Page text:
An Ethics Daily article today reported about the criticism of Southwestern's program from a stay-at-home mother. Here is that section of the article:

Interviewed live Aug. 24 on NBC's "Today Show," Rachel Hamman, author of Bye, Bye Boardroom: Confessions from a New Breed of Stay-at-Home Moms, viewed the degree as "a throwback to the 1950s."

Hamman has a bachelor's degree in communications. She worked with the Muscular Dystrophy Association, E. & J. Gallo Winery and Merrill Lynch before co-founding The Golden Rule Foundation, a children's charity. She now, according to her online bio, writes books as a "happily married stay-at-home mom."

Hamman told "Today" that homemaking is "on-the-job training, 24/7" that cannot be learned by reading a book. "I just don't think it should be in a classroom setting," she said. "And if a setting like that is available, [it's] very sexist in the fact of, where's the course for men? Where is the course for men to be better spouses and better communicators?"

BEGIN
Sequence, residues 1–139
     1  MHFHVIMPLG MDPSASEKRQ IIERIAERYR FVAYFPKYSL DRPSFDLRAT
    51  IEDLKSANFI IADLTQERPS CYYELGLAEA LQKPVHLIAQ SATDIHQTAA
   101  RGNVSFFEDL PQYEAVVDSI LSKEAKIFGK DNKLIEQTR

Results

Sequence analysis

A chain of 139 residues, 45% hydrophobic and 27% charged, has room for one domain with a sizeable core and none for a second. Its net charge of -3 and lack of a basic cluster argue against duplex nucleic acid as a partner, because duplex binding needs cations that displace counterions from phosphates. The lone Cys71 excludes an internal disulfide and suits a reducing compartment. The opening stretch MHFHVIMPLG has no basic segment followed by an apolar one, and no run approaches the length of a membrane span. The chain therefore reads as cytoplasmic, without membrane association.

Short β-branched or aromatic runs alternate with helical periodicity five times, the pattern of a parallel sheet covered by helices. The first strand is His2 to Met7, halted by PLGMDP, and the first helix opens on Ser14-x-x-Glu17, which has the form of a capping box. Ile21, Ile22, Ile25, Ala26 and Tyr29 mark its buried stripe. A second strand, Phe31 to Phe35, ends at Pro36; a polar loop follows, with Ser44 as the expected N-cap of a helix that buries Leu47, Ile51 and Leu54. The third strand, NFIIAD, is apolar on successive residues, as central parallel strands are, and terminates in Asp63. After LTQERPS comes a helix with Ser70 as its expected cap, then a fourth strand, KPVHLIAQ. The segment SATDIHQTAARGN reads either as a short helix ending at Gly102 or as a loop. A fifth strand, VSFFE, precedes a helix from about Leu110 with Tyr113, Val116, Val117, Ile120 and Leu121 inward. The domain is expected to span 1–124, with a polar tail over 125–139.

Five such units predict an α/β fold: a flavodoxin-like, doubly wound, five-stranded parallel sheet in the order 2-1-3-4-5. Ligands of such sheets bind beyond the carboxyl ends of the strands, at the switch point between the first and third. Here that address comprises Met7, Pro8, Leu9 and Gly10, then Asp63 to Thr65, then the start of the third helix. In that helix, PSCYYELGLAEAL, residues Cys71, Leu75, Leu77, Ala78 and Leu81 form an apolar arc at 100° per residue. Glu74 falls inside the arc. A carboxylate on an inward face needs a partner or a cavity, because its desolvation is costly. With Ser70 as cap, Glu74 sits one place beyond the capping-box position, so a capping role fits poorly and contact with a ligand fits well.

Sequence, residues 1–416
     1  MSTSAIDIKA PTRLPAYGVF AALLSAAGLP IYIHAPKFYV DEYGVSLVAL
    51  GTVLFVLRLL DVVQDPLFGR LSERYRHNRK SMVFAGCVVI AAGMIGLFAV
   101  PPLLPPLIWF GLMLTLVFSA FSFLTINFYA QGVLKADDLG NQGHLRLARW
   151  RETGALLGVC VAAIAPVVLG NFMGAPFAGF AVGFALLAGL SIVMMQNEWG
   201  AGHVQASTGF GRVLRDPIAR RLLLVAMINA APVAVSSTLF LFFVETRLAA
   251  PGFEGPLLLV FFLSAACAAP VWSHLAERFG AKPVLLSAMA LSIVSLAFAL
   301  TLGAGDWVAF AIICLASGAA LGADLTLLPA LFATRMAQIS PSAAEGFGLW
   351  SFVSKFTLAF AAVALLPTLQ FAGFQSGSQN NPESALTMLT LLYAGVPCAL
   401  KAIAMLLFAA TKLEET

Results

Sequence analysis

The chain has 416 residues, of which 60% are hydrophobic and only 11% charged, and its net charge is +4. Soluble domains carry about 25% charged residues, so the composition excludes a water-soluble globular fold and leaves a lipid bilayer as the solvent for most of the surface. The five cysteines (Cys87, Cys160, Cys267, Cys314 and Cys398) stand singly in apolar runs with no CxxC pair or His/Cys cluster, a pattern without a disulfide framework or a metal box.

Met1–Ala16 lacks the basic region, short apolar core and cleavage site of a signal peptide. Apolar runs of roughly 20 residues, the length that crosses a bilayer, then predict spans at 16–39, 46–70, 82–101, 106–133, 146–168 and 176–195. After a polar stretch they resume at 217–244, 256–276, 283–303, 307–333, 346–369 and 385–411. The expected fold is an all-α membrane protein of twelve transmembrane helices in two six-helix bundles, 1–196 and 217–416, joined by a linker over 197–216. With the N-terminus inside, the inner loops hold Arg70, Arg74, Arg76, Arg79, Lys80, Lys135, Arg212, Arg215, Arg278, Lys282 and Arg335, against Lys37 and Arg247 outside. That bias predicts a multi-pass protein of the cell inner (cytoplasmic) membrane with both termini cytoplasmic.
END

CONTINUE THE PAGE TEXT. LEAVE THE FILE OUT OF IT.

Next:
She also objected to defenders of the degree who describe it as a way to combat divorce.

"I fail to see how the divorce rate can be tied into a woman learning to darn her socks better," Hamman said. "I think that is absolutely ludicrous. If you're going to get a degree--I think a degree should be for a woman, if she chooses to be a homemaker--get a degree in something that can actually be a viable skill that--if she ever has to support herself outside the home--she has something to fall back on."
Thus, it seems the program is flawed because it is designed in a sexist manner. Rather than providing more useful teachings for the women, it instead focuses on reinforcing stereotypical gender roles.

Ledbetter ends his rant with:
The notion that it is dangerous, silly, or superfluous is ridiculous and probably dishonest.
Actually, the only thing that is dangerous, silly, superfluous, ridiculous, and probably dishonest is his column.